Celyad’s view on developing and delivering a CAR T-cell therapy with multi-tumor specificity combined with cell manufacturing success
Overview
Transitioning potential therapeutic assets from academia into the commercial environment is an exercise that is largely underappreciated by stakeholders, except for drug developers themselves. The promise of preclinical or early clinical results drives enthusiasm, but the pragmatic delivery of a therapy outside of small, local testing is most often a major challenge for drug developers especially, including among other things, the manufacturing challenges that surround the production of just-in-time and personalized autologous cell therapy products.

Paul Hudson, Getty Images

UP­DAT­ED: Sanofi CEO Hud­son lays out new R&D fo­cus — chop­ping di­a­betes, car­dio and slash­ing $2B-plus costs in sur­gi­cal dis­sec­tion

Earlier on Monday, new Sanofi CEO Paul Hudson baited the hook on his upcoming strategy presentation Tuesday with a tell-tale deal to buy Synthorx for $2.5 billion. That fits squarely with hints that he’s pointing the company to a bigger future in oncology, which also squares with a major industry tilt.

In a big reveal later in the day, though, Hudson offered a slate of stunners on his plans to surgically dissect and reassemble the portfoloio, saying that the company is dropping cardio and diabetes research — which covers two of its biggest franchise arenas. Sanofi missed the boat on developing new diabetes drugs, and now it’s pulling out entirely. As part of the pullback, it’s dropping efpeglenatide, their once-weekly GLP-1 injection for diabetes.

“To be out of cardiovascular and diabetes is not easy for a company like ours with an incredibly proud history,” Hudson said on a call with reporters, according to the Wall Street Journal. “As tough a choice as that is, we’re making that choice.”

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Roger Perlmutter, Merck

#ASH19: Here’s why Mer­ck is pay­ing $2.7B to­day to grab Ar­Qule and its next-gen BTK drug, lin­ing up Eli Lil­ly ri­val­ry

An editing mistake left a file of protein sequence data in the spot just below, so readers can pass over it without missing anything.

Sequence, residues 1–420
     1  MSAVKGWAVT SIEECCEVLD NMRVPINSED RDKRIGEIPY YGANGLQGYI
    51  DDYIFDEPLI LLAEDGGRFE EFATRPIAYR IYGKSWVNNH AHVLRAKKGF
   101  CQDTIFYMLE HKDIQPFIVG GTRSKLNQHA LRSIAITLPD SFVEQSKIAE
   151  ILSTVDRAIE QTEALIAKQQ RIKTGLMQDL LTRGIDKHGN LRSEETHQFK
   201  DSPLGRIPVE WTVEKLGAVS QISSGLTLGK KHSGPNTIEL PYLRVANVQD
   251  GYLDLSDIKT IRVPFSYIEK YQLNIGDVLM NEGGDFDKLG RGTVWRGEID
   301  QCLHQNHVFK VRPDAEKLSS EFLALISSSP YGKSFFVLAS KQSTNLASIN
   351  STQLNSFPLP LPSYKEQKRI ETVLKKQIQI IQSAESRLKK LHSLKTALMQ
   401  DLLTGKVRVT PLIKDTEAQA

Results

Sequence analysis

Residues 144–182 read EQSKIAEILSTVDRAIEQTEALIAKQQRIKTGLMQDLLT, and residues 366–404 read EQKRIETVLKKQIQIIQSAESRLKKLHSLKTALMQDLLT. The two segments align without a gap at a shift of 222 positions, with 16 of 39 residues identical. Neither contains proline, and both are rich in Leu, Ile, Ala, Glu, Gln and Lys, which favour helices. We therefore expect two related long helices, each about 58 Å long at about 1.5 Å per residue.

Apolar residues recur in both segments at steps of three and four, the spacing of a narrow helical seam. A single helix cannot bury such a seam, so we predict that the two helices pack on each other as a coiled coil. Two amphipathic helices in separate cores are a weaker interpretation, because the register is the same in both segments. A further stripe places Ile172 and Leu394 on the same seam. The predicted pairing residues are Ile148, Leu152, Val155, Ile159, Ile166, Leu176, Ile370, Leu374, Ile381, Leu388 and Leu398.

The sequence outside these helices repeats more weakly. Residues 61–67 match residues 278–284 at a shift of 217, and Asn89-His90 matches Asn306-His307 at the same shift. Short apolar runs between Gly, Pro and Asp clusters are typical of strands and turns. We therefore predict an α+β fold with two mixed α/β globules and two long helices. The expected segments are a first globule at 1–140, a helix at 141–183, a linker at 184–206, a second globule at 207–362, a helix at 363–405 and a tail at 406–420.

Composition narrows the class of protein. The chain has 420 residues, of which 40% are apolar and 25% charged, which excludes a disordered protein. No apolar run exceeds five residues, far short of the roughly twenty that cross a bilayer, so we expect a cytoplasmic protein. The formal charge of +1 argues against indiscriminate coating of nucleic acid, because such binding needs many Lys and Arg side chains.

Just a few months after making a splash at the European Hematology Association scientific confab with an early snapshot of positive data for their BTK inhibitor ARQ 531, ArQule has won a $2.7 billion buyout deal from Merck.

Merck is scooping up a next-gen BTK drug — which is making a splash at ASH today — from ArQule in an M&A pact set at $20 a share $ARQL. That’s more than twice Friday’s $9.66 close. And Merck R&D chief Roger Perlmutter heralded a deal that nets “multiple clinical-stage oral kinase inhibitors.”

This is the second biotech buyout pact today, marking a brisk tempo of M&A deals in the lead-up to the big JP Morgan gathering in mid-January. It’s no surprise the acquisitions are both for cancer drugs, where Sanofi will try to make its mark while Merck beefs up a stellar oncology franchise. And bolt-ons are all the rage at the major pharma players, which you could also see in Novartis’ recent $9.7 billion MedCo buyout.

ArQule — which comes out on top after their original lead drug foundered in Phase III — highlighted early data on ‘531 at EHA from a group of 6 chronic lymphocytic leukemia patients who got the 65 mg dose. Four of them experienced a partial response — a big advance for a company that failed with earlier attempts.

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Paul Hudson, Sanofi

Paul Hud­son promis­es a bright new fu­ture at Sanofi, kick­ing loose me-too drugs and fo­cus­ing on land­mark ad­vances. But can he de­liv­er?

Paul Hudson was on a mission Tuesday morning as he stood up to address Sanofi’s new R&D and business strategy.